Glycaemic and insulinaemic responses of adult healthy warm‐blooded mares following feeding with Jerusalem artichoke meal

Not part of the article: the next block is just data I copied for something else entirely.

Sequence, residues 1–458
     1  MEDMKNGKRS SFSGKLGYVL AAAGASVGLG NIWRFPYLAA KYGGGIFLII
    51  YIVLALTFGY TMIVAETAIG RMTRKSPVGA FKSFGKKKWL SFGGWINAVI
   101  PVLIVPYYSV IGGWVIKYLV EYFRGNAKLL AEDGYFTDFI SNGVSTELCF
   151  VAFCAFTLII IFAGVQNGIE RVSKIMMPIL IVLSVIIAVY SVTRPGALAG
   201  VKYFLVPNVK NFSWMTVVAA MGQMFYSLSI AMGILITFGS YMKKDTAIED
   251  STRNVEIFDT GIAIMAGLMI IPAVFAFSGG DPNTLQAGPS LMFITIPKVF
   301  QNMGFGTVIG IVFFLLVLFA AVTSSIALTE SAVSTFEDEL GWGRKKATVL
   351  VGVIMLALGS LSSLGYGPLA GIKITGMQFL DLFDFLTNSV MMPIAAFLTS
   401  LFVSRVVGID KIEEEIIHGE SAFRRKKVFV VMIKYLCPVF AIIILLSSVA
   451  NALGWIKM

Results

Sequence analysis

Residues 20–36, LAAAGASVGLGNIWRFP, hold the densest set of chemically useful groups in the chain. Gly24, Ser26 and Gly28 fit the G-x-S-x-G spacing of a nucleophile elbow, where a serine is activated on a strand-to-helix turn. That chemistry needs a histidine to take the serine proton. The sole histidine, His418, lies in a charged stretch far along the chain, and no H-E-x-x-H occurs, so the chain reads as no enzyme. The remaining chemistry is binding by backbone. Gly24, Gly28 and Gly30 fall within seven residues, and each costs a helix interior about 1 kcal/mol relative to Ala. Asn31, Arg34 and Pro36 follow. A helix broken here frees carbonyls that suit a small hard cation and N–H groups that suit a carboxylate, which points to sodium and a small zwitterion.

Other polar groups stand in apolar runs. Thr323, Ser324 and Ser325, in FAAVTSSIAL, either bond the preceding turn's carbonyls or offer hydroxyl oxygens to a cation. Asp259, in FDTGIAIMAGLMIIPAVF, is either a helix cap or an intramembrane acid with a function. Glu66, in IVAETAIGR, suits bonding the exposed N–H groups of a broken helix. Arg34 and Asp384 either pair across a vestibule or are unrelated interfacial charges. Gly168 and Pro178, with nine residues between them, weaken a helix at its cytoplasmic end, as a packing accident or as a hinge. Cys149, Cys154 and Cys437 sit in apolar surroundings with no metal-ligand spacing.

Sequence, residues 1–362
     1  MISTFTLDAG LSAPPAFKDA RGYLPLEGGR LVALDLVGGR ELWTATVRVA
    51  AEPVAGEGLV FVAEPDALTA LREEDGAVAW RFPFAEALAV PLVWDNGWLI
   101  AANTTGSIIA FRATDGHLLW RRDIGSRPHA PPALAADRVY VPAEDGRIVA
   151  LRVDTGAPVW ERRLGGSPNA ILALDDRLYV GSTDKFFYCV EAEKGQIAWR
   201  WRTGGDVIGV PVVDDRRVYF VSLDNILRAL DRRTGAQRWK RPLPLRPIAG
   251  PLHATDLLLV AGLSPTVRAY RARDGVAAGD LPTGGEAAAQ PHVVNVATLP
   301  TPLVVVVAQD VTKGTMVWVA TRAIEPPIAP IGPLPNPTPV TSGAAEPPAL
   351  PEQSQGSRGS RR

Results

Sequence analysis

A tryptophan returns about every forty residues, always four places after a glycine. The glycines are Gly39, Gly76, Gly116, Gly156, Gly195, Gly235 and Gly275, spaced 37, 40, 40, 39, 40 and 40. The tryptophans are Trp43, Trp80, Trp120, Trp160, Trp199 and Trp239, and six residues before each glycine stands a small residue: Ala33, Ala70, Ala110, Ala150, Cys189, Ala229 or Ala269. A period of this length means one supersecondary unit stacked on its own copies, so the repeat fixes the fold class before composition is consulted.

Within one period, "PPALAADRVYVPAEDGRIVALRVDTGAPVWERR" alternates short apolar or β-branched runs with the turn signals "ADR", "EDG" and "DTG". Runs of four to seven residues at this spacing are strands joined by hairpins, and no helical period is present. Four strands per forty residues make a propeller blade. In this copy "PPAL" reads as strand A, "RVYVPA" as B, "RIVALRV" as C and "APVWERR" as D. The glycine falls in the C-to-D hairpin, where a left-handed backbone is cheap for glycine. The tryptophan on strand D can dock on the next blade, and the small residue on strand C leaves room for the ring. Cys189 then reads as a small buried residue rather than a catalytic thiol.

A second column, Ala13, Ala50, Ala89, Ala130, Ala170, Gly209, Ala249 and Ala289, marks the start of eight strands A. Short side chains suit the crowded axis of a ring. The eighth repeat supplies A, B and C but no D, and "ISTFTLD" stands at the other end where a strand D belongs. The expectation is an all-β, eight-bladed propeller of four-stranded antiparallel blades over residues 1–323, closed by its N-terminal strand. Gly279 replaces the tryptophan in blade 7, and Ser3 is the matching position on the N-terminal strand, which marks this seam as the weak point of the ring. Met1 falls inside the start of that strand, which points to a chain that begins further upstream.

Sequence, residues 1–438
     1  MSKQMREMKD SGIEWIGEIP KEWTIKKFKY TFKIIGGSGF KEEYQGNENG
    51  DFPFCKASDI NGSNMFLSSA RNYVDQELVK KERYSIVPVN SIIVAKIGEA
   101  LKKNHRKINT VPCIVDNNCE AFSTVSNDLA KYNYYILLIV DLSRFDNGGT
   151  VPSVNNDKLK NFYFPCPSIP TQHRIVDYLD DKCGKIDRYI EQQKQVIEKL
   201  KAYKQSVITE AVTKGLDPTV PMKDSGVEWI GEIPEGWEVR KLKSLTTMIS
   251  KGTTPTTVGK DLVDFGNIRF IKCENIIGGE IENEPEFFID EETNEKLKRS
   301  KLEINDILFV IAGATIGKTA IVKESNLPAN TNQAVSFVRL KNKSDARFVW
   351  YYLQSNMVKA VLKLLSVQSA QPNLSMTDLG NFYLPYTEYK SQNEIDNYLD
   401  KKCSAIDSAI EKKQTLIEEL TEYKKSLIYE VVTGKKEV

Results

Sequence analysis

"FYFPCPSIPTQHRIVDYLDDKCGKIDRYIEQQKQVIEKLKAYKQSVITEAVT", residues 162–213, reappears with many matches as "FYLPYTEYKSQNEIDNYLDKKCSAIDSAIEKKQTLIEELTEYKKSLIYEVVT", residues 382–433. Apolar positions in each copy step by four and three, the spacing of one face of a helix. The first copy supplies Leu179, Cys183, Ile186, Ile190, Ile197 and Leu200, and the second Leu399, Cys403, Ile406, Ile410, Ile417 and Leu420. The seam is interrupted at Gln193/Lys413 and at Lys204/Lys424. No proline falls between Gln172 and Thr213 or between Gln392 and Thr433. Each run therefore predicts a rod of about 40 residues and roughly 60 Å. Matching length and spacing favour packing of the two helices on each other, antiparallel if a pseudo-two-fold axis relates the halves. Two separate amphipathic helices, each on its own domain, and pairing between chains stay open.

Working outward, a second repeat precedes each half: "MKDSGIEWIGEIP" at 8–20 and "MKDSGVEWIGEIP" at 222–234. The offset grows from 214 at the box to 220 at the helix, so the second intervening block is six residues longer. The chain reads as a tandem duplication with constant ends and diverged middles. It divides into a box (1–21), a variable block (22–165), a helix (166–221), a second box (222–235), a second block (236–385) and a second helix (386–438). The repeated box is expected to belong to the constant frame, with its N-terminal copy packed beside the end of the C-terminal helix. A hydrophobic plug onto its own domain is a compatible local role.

Common pre‐biotics used in horse nutrition are often fructans, which consist of several fructose units and one terminal glucose unit (Roberfroid, 2007). Depending on the chemical composition, fructans are classified as inulin‐type fructans (ITFs, common in Compositae) or phlein‐type fructans (common in Poales; Glatter et al., 2016a). Depending on the dose, both types of fructans can have harmful or beneficial effects on a horse's health. With very high intake, particularly by not or only insufficiently adapted horses, phlein‐type fructans (Longland and Byrd, 2006) as well as inulin‐type fructans (Van Eps and Pollit, 2006, 2009) can trigger laminitis. Laminitis is often associated with endocrine insulin dysregulation, which leads secondarily to permanent stimulation and subsequent downregulation of the insulin receptors (De Laat et al., 2016). The development of insulin resistance (IR) related to hyperinsulinemia is often linked to clinical signs of laminitis (Kronfeld et al., 2005; Asplin et al., 2007; Bailey et al., 2007; De Laat et al., 2010). Ponies predisposed to laminitis showed a 5.5‐fold higher serum insulin concentration after feeding of 3 g inulin/kg bwt per day (over 48 h) in comparison with control ponies (Bailey et al., 2007). The respective differences in serum insulin between laminitis prone and normal ponies were however of minor importance following only 1 g inulin/kg bwt per day over the course of 3 days (Borer et al., 2012). Dietary supplementation with 45 g of short‐chain fructo‐oligosaccharides (scFOS) during 6 weeks significantly increased insulin sensitivity and reduced acute insulin response to glucose in comparison with maltodextrin in obese Arabian geldings (body condition score [BCS] 8/9) without affecting body weight and BCS, but did not alter glucose effectiveness (Respondek et al., 2011). In this study, resting serum insulin concentration was reduced by scFOS but not maltodextrin supplementation. The aim of this study was to investigate the effect of a natural pre‐biotic (Jerusalem artichoke, Helianthus tuberosus) on the glycaemic and insulinaemic responses in adult healthy, non‐obese, warm‐blooded mares with no known history of laminitis. We hypothesized that even clinically normal, non‐obese horses might benefit from daily pre‐biotic doses of FOS and inulin from Jerusalem artichoke meal (JAM) by improved insulin sensitivity and thus postprandial (PP) glucose clearance following a hay–concentrate meal.